Cyber-sovereignty is currently forming China’s main strategy on Internet governance. At a speech before Brazil’s National Congress in July 2014, President Xi stated that “Internet technologies must not be used to violate cyber-sovereignty”. And, during the inaugural World Internet Congress, hosted by China, Xi invited other countries to develop an Internet that would respect cyber-sovereignty and uphold cybersecurity. According to Chinese media, President Xi’s approach on cyber-sovereignty “has two levels of significance: an internal component where each government has the right to develop, regulate, and manage its domestic Internet in line with its national independent autonomy; and, an external component involving the right to defend its Internet from foreign intrusion and attack”.
Foucault believes that the “art of government, instead of seeking to found itself in transcendental rules, a cosmological model, or a philosophico-moral ideal, must find the principles of its rationality in that which constitutes the specific reality of the state”. In applying this very rationale, China’s recent WSIS+10 Review submission is consistent with its cyber-sovereignty dialectic. In suggesting how to improve Internet governance, China recommended the establishment of a “multilateral, democratic, and transparent international Internet governance system that ensures equal participation of all, reasonable allocation of Internet resources, and joint management of key Internet infrastructure”. It recognized the need for respect of “a multistakeholder governance model that brings together governments, the private sector and non-governmental organizations […], all of which contribute in their own distinct way to the join governance of the Internet”. At the same time, however, China emphasized that “this [multistakeholder] model should not be lopsided, and any tendency to place sole emphasis on the role of businesses and non-governmental organizations while marginalizing governments should be avoided, the roles and responsibilities of national governments in regard to regulation and security of the network should be upheld. It is necessary to ensure that the United Nations plays a facilitating role in setting up international public policies pertaining to the Internet”.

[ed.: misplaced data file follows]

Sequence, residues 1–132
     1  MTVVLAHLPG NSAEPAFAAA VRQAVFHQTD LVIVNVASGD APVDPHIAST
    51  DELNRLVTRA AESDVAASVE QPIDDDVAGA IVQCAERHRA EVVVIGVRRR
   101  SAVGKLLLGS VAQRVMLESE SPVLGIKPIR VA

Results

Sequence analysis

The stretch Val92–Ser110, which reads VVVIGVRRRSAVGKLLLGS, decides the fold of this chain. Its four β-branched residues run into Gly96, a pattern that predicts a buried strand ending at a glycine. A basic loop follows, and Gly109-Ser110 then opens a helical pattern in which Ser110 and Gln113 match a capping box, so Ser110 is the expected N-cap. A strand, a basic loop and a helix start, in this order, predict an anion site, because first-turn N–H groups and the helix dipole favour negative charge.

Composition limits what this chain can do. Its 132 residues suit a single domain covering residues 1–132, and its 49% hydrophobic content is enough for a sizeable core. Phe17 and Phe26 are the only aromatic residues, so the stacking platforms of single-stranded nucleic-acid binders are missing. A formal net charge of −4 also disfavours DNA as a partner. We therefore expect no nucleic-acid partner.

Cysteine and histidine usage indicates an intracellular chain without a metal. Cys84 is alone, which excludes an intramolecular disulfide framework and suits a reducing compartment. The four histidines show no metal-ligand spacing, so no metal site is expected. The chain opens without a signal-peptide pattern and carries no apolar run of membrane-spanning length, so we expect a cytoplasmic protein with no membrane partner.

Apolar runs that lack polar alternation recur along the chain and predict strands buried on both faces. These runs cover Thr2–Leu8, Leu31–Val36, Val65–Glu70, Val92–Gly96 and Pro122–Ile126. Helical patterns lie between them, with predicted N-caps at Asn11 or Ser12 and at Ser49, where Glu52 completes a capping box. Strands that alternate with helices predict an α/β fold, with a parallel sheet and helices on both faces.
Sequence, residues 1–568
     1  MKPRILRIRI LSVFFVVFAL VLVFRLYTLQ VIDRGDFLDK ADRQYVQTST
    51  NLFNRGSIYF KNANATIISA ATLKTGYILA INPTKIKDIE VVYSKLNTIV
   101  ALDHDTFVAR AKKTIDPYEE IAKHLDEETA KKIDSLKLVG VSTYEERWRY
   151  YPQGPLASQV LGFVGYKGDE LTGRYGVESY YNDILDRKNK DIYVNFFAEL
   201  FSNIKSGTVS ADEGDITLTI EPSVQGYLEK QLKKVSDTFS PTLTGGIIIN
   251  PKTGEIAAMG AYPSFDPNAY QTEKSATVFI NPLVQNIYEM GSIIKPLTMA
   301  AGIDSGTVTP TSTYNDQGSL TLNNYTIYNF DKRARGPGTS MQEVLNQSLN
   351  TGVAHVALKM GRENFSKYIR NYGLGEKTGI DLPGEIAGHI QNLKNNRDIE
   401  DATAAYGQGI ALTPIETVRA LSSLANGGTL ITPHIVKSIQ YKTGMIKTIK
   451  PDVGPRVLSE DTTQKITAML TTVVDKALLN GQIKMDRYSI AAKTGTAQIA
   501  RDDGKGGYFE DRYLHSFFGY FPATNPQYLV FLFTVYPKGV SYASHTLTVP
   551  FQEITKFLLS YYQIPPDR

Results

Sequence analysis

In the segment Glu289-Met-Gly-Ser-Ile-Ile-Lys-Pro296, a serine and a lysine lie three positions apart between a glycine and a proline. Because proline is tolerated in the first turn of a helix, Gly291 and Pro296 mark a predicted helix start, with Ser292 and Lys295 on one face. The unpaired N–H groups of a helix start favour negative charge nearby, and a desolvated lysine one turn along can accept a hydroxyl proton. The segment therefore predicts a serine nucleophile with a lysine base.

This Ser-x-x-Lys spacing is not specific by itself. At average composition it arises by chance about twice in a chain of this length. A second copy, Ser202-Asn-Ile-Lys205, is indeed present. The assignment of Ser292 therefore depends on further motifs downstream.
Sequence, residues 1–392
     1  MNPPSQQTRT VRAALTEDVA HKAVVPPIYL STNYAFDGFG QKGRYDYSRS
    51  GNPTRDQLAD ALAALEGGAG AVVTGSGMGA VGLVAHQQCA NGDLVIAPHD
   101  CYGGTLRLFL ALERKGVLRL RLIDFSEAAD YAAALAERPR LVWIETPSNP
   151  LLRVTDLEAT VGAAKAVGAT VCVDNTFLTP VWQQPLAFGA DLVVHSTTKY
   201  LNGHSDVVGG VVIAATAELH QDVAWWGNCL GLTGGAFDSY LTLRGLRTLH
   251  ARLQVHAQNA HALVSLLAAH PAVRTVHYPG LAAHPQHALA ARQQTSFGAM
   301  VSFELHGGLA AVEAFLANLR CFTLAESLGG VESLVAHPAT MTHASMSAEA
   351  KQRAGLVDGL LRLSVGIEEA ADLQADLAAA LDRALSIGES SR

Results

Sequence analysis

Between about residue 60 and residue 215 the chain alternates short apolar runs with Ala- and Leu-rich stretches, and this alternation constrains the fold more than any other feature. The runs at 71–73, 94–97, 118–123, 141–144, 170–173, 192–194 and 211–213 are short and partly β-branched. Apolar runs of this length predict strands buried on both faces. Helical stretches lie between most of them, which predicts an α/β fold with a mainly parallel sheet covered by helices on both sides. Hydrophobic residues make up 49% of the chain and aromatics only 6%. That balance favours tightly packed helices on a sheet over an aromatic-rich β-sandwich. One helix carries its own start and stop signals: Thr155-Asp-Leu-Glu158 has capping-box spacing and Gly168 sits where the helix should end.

China’s approach on Internet governance is neither new nor surprising. China has never hidden its strong objection to the multistakeholder model of Internet governance – at least the one that sees public policy being created and shaped by the collective efforts of all stakeholders. In fact, in 2010, “ a frustrated China publicly expressed opposition to the renewal of the [Internet Governance Forum] after its initial five-year mandate expired […]”. Although China’s position with respect to the IGF has since then shifted, it still continues to argue strongly for a purely multilateral model of Internet governance.
Nevertheless, China has yet to argue convincingly how its multilateral approach improves upon the accepted open, inclusive and multi-participatory model of Internet governance. At the same time, it has also failed to address how the impact of its cyber-sovereignty approach affects issues of speech, content or Internet development.
Notwithstanding its weak foundation, the fact is that cyber-sovereignty is central to China’s international engagement strategy and, with China emerging as a powerful player in international politics, we should start asking what is the degree of pressure this approach is placing on the principles of openness, transparency and inclusiveness emanating from the multistakeholder Internet model.